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Andrew Zimmern on Bourdain: ‘You Don’t Know Which of Your Friends Is Suffering’

The fellow chef and television host conveys his heartbreak over the loss of his friend

Bourdain and Zimmern at a 2012 event
Amy McKeever

TV personality and chef Andrew Zimmern was a longtime friend of food-world icon Anthony Bourdain, who died earlier today. In a phone call this morning, he spoke of his heartbreak, the perverse nature of mental health issues, and Bourdain’s longterm legacy.

We lost, in my opinion, one of the greatest social commentators and brilliant minds of my generation. His wisdom — people saw him traveling and doing food, but we would spend hours together and we would never talk about that. There was never a better person to talk about music and movies and social justice and any of that with.

Tony was a close friend of mine and it was a beautiful relationship. I’m a transparent person and sober a long time and deal with my own mental health issues, and I try to have honest conversations with people in my life. He was an incredible sounding board, a gracious and kind friend to me.

Over the last few years, he told me many times he had never been happier. So many things don’t add up, as they often don’t. I was thinking of Kate Spade and Robin Williams, who publicly struggled with so much, and that wasn’t Tony’s story. It’s a reminder to me that, as people, we share a common humanity that is always very personal. We all have an inner dialogue that often stands in contrast to our outer appearance and behavior. The hard part for me is to realize you don’t know which of your friends is suffering from not having their outsides meet their insides.

There’s clearly a lot we don’t know, and I’m sure over the next days and weeks we’ll learn more. But two things keep rolling around in my head. The first time I met him, 14 years ago, he told me television was a vile mistress. This was before Tony had become a lion in this world. And, I can only imagine, as we had talked about it, he had dreams. He wanted to teach, he wanted to get off this merry-go-round that we’re all on.

And I think I may have read it in an interview he did — someone had asked him if he would ever stop doing what he was doing, and I’m paraphrasing, but he said, “I think about it all the time, but I’m pretty sure I’m going to die in the saddle.” And that was just a short while ago. It was eerily prophetic and perhaps at the same time maybe completely meaningless to the reality that was going on.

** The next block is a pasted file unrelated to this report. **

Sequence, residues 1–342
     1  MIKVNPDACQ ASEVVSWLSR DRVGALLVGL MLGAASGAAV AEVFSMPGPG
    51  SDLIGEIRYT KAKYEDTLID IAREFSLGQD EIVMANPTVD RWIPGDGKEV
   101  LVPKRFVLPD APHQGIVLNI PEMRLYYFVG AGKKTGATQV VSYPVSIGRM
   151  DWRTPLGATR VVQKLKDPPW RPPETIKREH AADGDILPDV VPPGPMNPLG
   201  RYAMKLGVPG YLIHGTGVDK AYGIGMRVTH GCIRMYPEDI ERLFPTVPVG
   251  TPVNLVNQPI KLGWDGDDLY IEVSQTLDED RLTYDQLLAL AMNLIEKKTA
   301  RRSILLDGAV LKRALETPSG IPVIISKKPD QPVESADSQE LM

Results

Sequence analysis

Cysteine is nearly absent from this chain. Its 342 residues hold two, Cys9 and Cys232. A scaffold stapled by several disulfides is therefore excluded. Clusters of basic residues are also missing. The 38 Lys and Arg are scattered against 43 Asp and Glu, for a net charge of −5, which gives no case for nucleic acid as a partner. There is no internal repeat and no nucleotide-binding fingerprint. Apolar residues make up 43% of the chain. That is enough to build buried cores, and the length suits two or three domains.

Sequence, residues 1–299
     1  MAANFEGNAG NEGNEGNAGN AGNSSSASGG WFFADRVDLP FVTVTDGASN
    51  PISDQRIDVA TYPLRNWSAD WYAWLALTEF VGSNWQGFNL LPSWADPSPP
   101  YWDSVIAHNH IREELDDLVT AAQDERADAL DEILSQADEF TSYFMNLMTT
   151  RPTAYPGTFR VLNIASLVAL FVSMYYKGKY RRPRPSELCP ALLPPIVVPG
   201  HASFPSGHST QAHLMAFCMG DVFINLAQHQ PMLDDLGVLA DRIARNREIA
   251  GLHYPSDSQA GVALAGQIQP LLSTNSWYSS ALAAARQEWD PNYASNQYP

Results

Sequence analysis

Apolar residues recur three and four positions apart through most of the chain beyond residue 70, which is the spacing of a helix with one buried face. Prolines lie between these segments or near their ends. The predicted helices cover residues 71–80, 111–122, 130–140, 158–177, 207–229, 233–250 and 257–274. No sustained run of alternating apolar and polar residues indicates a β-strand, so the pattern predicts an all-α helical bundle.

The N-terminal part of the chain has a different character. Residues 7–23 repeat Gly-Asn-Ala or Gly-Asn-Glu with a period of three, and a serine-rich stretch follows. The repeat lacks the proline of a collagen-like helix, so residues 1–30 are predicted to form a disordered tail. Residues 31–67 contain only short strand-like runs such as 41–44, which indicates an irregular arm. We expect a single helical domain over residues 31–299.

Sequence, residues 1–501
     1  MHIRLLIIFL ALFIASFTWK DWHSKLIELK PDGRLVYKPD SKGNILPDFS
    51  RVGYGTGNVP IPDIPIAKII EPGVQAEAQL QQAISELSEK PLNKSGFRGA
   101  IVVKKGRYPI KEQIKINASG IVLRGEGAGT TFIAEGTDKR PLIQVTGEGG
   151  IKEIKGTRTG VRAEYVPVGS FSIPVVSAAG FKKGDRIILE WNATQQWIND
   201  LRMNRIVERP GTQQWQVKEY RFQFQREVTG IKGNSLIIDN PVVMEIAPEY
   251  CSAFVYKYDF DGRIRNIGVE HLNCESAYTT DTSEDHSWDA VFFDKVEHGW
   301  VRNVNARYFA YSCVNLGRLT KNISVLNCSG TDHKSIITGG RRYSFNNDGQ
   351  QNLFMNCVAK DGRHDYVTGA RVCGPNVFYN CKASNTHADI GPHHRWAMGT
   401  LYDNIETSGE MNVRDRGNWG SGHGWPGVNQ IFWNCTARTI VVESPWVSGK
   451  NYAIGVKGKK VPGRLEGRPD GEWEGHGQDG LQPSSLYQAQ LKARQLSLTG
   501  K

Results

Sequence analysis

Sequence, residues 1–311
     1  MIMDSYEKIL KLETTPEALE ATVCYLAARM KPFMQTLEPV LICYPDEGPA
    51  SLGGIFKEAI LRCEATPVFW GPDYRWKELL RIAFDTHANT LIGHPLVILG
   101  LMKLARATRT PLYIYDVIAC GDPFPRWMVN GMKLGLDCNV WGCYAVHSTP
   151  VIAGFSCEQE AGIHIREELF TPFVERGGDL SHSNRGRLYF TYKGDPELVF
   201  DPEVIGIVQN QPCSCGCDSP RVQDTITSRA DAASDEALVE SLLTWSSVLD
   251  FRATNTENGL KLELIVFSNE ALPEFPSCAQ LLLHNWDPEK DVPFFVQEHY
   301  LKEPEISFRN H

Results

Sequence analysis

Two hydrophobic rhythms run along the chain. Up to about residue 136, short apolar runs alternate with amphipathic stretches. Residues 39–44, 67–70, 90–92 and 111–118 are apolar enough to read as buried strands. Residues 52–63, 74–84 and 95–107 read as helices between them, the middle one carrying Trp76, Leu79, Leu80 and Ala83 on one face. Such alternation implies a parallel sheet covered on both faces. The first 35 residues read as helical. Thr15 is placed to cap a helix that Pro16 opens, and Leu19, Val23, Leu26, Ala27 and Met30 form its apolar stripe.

I think Tony’s legacy is immeasurable. He was a brilliant social commentator and he was inspiring and awakening an audience that had not previously been interested in it. He was singular in his presentation and what he was portraying. He was not derivative; he was original. And he was the loveliest of anarchists. I remember at dinner a long time ago, he and I were both quasi lecturing some younger folks in our industry. They were all insisting that they could do what he did, and he said, “Good luck. The minute you sign that contract you sign away a huge piece of yourself.” He understood the Faustian bargain we all live in.

There are so many people that struggle with mental health issues, with addiction issues. I struggle and it’s a tremendous reminder to have your support system to to be engaged with the people that you love and actually share what’s going on with your life. It’s a wonderful time to honor his legacy and also help spread the word that there are solutions and there is help for people who are struggling.

If you or anyone you know is considering suicide or self-harm or is anxious, depressed, upset, or needs to talk, call the National Suicide Prevention Lifeline at 1-800-273-8255 or text the Crisis Text Line at 741-741. For international resources, here is a good place to begin.